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Ky. Education Commissioner Surprises With Retirement Announcement

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The man who oversaw major changes in the state’s academic standards over the last six years is stepping down in August. Kentucky Education Commissioner Terry Holliday announced the decision Wednesday.

The state’s top education chief since 2009, Holliday is often credited with restoring stability to a system in transition – all while grappling with budget cuts and a vocal cord disorder diagnosis that made public speaking more of a challenge.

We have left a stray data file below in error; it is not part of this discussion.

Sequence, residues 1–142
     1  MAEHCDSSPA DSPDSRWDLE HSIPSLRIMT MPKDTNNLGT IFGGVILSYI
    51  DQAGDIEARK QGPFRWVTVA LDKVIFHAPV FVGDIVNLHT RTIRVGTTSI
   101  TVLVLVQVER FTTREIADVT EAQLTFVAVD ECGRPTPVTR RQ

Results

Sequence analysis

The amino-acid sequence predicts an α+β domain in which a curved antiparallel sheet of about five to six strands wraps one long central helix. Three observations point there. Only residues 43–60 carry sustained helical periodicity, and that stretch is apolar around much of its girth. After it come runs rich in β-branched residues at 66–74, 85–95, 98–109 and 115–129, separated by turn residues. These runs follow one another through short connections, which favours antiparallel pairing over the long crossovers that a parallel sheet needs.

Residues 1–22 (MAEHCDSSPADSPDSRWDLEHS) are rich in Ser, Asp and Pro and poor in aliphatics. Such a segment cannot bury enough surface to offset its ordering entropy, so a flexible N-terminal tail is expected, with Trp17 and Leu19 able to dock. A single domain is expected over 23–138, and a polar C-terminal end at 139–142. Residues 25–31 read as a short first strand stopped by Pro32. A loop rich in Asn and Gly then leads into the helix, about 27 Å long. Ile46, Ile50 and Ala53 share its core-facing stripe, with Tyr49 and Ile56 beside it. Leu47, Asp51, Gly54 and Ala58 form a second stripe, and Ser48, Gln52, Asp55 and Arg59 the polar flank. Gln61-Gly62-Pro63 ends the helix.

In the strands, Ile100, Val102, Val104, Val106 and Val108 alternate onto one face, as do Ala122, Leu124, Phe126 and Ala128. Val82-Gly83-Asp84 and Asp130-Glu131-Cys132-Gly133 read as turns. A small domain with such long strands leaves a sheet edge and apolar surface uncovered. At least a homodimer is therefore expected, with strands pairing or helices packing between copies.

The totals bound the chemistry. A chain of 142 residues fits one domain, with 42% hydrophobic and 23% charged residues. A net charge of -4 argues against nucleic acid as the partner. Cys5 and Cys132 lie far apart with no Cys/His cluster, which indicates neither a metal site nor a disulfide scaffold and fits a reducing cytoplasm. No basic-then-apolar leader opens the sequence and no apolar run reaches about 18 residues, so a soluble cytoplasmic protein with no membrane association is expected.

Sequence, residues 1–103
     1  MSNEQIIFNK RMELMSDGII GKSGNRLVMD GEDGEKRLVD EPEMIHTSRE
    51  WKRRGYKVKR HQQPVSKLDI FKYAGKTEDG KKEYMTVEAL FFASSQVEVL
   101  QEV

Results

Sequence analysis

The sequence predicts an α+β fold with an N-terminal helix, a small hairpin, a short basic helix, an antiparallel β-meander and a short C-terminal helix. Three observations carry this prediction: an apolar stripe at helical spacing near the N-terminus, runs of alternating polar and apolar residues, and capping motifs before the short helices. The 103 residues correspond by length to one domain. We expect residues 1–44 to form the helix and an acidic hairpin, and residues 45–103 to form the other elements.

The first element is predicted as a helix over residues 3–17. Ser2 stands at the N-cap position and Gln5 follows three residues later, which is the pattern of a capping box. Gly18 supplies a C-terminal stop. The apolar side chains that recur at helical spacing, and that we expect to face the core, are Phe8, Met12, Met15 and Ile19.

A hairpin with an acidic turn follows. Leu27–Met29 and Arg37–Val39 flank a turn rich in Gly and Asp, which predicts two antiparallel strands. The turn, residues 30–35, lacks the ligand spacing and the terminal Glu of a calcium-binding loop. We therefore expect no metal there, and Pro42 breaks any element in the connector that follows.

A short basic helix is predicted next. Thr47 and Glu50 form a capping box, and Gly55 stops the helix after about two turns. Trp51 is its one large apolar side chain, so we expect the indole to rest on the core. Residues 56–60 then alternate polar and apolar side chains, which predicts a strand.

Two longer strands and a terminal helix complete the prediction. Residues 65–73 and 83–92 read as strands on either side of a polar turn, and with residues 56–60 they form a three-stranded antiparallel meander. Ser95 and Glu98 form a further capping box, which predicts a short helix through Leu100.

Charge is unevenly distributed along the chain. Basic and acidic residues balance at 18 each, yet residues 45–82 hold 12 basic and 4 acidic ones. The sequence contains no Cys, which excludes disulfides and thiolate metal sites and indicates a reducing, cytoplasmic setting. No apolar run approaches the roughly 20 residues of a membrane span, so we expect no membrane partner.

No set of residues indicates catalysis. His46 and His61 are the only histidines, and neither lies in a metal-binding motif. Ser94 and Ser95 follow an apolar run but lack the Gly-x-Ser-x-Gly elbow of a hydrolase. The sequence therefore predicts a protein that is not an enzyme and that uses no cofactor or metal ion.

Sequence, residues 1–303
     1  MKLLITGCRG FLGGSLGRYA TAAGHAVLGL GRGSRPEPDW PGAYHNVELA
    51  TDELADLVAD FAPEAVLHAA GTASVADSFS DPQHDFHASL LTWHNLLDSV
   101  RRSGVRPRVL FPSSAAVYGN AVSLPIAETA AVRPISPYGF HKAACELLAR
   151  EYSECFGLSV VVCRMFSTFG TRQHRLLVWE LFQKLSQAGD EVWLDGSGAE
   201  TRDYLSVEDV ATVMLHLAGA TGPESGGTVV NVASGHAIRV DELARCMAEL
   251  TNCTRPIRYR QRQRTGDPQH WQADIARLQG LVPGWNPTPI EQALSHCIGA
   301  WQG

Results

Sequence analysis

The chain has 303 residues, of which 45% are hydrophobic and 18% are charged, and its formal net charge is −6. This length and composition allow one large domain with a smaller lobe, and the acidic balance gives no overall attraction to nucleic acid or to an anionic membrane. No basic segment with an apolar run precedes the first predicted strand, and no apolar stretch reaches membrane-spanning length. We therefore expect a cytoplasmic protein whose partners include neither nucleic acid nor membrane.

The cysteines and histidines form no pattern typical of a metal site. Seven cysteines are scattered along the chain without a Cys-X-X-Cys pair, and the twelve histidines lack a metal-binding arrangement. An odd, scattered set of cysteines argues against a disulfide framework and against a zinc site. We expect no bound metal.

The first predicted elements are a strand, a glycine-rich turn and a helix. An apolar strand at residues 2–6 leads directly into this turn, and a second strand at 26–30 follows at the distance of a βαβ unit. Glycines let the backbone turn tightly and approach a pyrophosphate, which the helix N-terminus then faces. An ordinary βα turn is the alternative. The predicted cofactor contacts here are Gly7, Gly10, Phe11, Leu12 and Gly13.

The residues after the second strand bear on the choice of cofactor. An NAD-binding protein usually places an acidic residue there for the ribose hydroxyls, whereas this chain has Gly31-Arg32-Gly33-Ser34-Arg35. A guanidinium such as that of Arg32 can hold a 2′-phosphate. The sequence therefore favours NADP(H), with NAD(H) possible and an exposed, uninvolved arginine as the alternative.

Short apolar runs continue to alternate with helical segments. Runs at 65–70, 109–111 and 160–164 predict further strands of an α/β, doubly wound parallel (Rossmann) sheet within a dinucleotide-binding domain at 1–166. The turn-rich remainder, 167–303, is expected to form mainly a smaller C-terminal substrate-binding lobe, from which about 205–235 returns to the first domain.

"It was kind of like the perfect storm. We had the federal government pushing some reforms. We had the state government, Senate Bill 1 in 2009. So we kind of had it coming at us from all angles," he says.

Out of that whirlwind emerged new science, math, and English standards in Kentucky, an overhauled assessment system, and improved graduation rates for high schools. It’s a record even many Common Core critics have a hard time dismissing.

Asked about the biggest challenge facing his successor, Holliday says, "How do you keep moving forward? We now need to focus not just on college-ready, but making sure our graduates are globally ready because of the changing economy in Kentucky."

Attention now shifts to the state Board of Education, which will begin the process of searching for a replacement. Holliday says after a 43-year career in public education he looks forward to spending some one-on-one time with his grandchildren.

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